Domain III: Embrace Cultural Responsivity and Social Justice as a Foundation for Professional Identity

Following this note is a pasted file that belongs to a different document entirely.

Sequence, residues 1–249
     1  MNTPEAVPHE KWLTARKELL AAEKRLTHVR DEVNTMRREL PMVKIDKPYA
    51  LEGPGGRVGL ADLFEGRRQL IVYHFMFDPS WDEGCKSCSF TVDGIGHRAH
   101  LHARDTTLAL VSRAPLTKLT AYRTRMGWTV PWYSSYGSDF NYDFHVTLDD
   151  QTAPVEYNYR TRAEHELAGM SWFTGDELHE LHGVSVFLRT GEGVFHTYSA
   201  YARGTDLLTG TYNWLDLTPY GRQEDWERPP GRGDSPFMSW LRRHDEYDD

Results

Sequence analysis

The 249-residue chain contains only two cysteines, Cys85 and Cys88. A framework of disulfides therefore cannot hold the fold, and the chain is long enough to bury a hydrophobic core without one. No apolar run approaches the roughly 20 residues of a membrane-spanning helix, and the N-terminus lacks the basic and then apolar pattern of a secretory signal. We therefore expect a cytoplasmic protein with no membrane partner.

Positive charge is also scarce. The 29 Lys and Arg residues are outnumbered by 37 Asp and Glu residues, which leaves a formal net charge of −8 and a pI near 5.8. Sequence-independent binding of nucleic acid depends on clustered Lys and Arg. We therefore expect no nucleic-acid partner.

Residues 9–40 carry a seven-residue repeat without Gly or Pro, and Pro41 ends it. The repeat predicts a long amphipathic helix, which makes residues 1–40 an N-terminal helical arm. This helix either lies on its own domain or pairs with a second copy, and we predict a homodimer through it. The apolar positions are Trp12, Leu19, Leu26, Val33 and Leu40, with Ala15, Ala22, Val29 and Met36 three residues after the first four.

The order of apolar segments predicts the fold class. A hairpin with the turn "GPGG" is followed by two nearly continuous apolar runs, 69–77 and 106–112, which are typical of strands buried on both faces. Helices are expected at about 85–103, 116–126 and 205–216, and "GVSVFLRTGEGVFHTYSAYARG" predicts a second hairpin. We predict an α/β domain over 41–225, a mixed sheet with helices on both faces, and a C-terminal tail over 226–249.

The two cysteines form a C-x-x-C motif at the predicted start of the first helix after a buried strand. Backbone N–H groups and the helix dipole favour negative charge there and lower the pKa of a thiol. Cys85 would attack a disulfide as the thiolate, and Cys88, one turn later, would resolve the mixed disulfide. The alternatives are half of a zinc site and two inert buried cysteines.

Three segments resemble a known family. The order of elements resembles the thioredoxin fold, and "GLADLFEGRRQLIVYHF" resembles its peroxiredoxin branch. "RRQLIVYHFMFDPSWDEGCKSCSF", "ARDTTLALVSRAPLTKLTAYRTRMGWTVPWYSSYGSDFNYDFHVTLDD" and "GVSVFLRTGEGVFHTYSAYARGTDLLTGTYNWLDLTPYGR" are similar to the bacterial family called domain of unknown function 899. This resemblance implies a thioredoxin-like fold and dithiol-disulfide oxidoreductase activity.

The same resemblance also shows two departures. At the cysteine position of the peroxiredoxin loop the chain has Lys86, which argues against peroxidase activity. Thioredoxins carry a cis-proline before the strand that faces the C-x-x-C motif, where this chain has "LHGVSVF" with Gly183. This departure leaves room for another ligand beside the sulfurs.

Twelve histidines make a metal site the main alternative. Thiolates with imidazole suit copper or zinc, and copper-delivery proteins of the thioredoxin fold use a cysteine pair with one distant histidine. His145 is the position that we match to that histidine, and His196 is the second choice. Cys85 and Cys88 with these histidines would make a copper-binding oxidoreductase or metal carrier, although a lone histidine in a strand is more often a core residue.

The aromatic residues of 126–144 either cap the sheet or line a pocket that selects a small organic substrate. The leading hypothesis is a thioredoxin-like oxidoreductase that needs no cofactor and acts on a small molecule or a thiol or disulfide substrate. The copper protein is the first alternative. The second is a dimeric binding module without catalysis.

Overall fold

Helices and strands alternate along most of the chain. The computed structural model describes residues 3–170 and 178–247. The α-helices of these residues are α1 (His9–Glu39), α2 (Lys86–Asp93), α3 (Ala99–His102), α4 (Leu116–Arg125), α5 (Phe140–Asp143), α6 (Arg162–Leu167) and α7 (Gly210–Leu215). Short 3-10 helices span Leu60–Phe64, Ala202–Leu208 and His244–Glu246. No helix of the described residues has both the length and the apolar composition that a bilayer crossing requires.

The eighth competency in the CRSJ counselling model (Collins, 2018), shifts the focus away from examining the cultural identities and social locations of counsellor and client to the nature of the professions of counselling and psychology. The activities in the guide to this point have engaged you in a process of consciousness raising about culture and social justice. Through the competencies in this domain, I invite you to consider how this awareness translates into action. First, I position cultural humility as an essential foundation for cultural competency. Cultural humility requires students, counsellors, instructors, and supervisors to position themselves as learners and to assume an other-orientated relational stance (First Nations Health Authority, n.d., Definitions, para. 2; Hook et al., 2013). This positioning is supported through three essential skills: reflective practice, critical thinking, and cognitive complexity. Learners are encouraged to apply these skills to deconstruct dominant discourses within the profession and to actively position themselves relative to the call for social justice. I argue that, in a world in which basic human rights regularly come under fire, figuratively and literally, to assume anything other than active anti-oppressive and justice-doing stance supports the status quo (Collins & Arthur, 2018). Raising questions about professional identity, at the individual and collective levels, often begins with the ethical guidelines for the professions. Professional codes of ethics most often reflect core values grounded in the Universal Declaration of Human Rights (Gauthier & Pettifor, 2012); however, this social justice agenda is only rarely articulated explicitly in these codes (Audet, 2016; Counselors for Social Justice, 2011).